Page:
It’s important to understand the limits of grease when it comes to heat buildup to avoid accidental fires and also to prevent other mishaps.
Is Lubricating Grease Flammable?
Yes, most types of lubricating grease will ignite if you get them hot enough. As mentioned above, even though they aren’t strictly considered to be flammable according to scientific and OSHA definitions, they can and will catch fire.
This is because lubricating greases almost invariably contain various oils, petroleum-derived ingredients or hydrocarbon-based compounds that are all a ready source of fuel for fire.
Many types of lubricating grease won’t catch fire quickly even with the application of intense, direct heat from a heat gun or open flame, but that doesn’t mean they are incapable!
Is Food or Kitchen Grease Flammable?
Yes, food and kitchen grease is definitely flammable. Whether it’s from a single or multiple sources, grease is a significant fire hazard in your kitchen.
This is specifically because of its tendency to build up on cookware that’s used directly on or near intense sources of heat, and also because of its low flash point.
Always be careful if you’re cooking with grease, and make it a point to keep cookware and grease traps, if applicable, scrupulously clean to avoid accidents.
Will Grease Make a Fire Worse?
Yes, it absolutely will. As mentioned above, grease is a good source of fuel for any fire, and when it’s ignited, it tends to burn pretty hot, burn steadily and burn for a long time while being hard to put out.
This makes a grease fire in particular a very tricky proposition unless you have specialized fire extinguishers on hand: that’s because you cannot put out a grease fire with water!
In fact, you should never, ever try to put out a grease fire with water. By doing so, the water will instantly turn to steam and it’s likely to create an eruption that will hurl burning or near molten grease in all directions, potentially wounding or killing you and others nearby and likely spreading the fire outside.
Keep your head about you, and don’t make this common mistake if you’re confronted with a grease fire. I’ll talk more about how to combat a grease fire at the end of this article…
Is Grease Reactive with Other Substances?
Usually not. In the case of kitchen grease it typically proves to be non-reactive in any way that might be hazardous or might increase its overall fire hazard risk.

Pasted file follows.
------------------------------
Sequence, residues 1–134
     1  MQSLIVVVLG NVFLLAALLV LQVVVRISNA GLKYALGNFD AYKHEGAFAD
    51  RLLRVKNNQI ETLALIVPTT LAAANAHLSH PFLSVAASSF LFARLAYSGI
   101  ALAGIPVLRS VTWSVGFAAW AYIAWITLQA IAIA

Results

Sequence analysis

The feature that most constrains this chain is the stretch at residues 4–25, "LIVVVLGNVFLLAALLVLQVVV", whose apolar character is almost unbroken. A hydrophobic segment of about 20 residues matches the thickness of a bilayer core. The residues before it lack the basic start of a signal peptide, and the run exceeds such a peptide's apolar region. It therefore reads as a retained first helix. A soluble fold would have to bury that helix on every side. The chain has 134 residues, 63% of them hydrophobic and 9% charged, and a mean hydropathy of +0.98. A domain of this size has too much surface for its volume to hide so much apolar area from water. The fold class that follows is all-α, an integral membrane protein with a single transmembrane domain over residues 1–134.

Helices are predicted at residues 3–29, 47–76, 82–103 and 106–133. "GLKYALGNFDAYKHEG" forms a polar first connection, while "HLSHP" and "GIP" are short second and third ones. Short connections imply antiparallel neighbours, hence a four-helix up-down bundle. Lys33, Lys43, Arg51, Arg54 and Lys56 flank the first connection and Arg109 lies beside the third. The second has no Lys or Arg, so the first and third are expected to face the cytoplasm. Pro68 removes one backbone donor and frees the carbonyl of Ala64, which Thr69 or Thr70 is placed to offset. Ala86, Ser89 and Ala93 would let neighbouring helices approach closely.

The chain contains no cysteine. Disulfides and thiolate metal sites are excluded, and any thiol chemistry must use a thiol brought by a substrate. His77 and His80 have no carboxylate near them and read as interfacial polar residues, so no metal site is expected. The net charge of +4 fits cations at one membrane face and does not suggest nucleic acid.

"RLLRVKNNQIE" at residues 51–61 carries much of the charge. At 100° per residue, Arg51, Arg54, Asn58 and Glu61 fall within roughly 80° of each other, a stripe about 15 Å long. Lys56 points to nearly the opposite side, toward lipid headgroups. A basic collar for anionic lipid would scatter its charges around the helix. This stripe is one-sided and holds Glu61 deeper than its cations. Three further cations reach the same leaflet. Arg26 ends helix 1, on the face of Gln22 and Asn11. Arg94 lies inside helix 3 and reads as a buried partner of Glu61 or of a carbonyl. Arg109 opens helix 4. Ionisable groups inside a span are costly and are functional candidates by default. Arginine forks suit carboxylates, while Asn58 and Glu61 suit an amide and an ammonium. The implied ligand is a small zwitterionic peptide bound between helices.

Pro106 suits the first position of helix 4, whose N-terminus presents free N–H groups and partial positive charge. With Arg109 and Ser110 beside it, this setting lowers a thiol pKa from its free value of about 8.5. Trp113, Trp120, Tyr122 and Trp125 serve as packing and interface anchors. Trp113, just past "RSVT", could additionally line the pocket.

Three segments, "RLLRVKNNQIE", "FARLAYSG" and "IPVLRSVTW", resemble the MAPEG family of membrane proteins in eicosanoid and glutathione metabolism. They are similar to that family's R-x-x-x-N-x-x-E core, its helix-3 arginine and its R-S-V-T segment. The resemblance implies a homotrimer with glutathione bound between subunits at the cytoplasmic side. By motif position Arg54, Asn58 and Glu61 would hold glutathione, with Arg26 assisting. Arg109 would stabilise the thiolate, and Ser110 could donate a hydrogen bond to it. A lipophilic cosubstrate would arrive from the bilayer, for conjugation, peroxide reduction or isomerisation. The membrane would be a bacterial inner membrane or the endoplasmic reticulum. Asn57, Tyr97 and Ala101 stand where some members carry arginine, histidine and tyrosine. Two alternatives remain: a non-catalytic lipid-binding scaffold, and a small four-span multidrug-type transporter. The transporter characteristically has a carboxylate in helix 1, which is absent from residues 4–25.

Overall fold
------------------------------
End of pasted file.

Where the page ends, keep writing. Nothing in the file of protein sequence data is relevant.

Likewise, many lubricating greases are specially designed to be non-reactive because they are more likely than other substances to be exposed to other chemicals and fluids.
That being said, there are so many different kinds of grease out there, and so many different formulations of a given type, that it’s way beyond the confines of this article to explore potentially hazardous reactions with other substances.
I said it before, and I’ll say it again now: make sure you consult the SDS on any grease you’re using.
How Should You Deal with Grease Exposed to Fire?
The best way to deal with a grease fire is to hit it with a B- or K-Class fire extinguisher.
These extinguishers are intended to deal with flammable or combustible liquids, and although we don’t think of grease as a liquid, it does meet the strict definition of one and this type of fire extinguisher will work.
These units typically employ a dry chemical, fire retardant foam or even straight carbon dioxide to help smother a fire that will easily repel and resist water.
But, if you don’t have one of those fire extinguishers or a common ABC-rated fire extinguisher you might have to try and smother the fire using a fire blanket or, if it’s a small one on the stovetop, a metal pan lid. Starving a grease fire of oxygen will typically put it out.
However, you need be very careful when you uncover it later if it hasn’t cooled down enough because it might reignite.
Just a reminder: never try to use water to combat a grease fire as this will create a dangerous steam eruption!
Tom Marlowe practically grew up with a gun in his hand, and has held all kinds of jobs in the gun industry: range safety, sales, instruction and consulting, Tom has the experience to help civilian shooters figure out what will work best for them.